Harry Potter and the Order of the Phoenix

One of the promises of the Harry Potter series from the start was that the text would grow with its initial fan base. This didn’t mean that the text would become more prolific, although it did. It meant that as the audience grew more mature, so too would the story. This becomes very clear in the film version of Order of the Phoenix.

Darkness, Maturity, Anger, and Fear

This film feels palpably darker. It might be that there are fewer smiling 8 year olds, and more angst-ridden teenagers. Either way, the film focuses on far darker subject matter. The Dark Lord has returned, and nobody believes Harry or Dumbledore about it. The mood is rank with fear and suspicion as Harry grapples with these internal and external pressures.

He also must contend with growing anger, as a telepathic bond with Voldemort drives him slowly over the edge. This link is fairly common in this kind of media, and is reminiscent of Luke Skywalker and Darth Vader. Predictably, Harry is able to overcome the link, and maintain his integrity. Some older characters also, for the first time in the film series, discuss tragedies in their past. The addition of characters like Luna Lovegood, a young witch at Hogwart’s, add a mixed flavor of fantasy and tragedy. She brings her own baggage along with her charming whimsical attitude. Evanna Lynch, who portrays Lovegood, is a pleasure to watch. She sinks her performance like a master, and makes you truly like a character who could have very easily been a big turn off.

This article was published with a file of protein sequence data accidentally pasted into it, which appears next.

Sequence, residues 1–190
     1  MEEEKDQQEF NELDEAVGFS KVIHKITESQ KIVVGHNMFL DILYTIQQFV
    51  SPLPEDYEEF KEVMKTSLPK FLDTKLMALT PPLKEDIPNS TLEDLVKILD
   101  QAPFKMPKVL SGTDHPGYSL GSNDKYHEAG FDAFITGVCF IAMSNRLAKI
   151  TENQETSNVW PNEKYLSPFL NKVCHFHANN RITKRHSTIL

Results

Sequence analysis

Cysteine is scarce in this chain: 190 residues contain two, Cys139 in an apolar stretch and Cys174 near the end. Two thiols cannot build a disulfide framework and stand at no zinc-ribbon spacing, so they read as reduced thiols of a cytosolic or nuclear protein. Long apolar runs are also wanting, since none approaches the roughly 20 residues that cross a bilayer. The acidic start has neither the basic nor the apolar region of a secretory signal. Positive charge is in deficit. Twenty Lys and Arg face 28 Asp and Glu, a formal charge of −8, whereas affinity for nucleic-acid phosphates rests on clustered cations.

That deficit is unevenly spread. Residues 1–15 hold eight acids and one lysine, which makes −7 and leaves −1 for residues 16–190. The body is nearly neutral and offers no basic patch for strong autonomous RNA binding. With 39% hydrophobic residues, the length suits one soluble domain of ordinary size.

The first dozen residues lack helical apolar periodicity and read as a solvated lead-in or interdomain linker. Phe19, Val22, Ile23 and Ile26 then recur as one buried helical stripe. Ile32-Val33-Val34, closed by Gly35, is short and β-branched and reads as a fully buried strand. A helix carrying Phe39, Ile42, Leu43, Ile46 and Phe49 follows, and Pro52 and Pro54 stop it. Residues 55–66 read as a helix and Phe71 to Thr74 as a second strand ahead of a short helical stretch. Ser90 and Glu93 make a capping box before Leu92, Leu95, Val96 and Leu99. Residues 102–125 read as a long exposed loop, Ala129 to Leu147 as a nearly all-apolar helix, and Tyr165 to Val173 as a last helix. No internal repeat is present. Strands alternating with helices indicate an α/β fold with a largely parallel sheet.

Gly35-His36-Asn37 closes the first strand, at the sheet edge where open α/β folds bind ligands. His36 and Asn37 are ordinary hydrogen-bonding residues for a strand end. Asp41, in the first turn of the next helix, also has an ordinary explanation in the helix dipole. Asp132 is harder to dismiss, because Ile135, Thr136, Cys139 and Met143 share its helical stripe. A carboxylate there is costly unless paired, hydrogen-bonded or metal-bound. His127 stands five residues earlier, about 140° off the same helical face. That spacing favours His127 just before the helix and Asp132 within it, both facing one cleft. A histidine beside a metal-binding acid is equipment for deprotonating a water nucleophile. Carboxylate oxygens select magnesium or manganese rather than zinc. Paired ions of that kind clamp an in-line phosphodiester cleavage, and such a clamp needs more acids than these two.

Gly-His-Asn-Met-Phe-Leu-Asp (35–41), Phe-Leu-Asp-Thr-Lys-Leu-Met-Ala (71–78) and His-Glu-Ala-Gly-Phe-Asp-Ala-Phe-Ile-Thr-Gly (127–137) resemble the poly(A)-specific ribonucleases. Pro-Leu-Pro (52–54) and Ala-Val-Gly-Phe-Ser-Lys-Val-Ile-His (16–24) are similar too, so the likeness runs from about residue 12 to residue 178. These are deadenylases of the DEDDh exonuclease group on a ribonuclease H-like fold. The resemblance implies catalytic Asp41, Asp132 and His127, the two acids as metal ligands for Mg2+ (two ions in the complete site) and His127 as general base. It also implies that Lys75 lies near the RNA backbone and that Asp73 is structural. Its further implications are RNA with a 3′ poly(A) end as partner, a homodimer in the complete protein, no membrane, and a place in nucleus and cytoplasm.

The films final showdown doesn’t conveniently remove all the other child wizards as in the past. Instead, Harry and his friends face off heroically against Death Eaters until the Order of the Phoenix can come to the rescue. The ensuing battle is a feast for the eyes, and the action is amazing and well played, but it is not without tragic losses. These leave a bitter taste in both Harry’s mouth and that of the audience, as his hopes for some semblance of family and normalcy are shattered.

(Almost) Adults Only

Despite the film’s relatively mature tone, it still carries many of the series’ hallmark youth-oriented themes. Some of the characters are still pretty two dimensional, some of the interchange between main characters is cloying and precious. It often seems like characters, rather than actors, are just going through the motions. At times, you know from previous films, that the demands of this script are beneath the skills of the actors on the screen– both young and veteran.

There is also the standing dichotomy between the errant youths and their harsh school headmasters. In this case, it is Dolores Umbridge, whose autocratic policies destroy life at Hogwart’s and precipitate a lot of the film’s action. She represents a lot of the fear and suspicion in the world which encroaches on Harry’s world, and ours.

The Coming Storm

The overarching theme of this film is the sense that whatever happens now, the battle that is still to come is what will decide the collective fates of all involved. Since Voldemort has returned, it is only a matter of time before open warfare with him resumes and the world of magic descends into chaos. This is what everyone has secretly feared since the inception of the series, and since now it is a reality, it hangs like a fog over the action and the characters.

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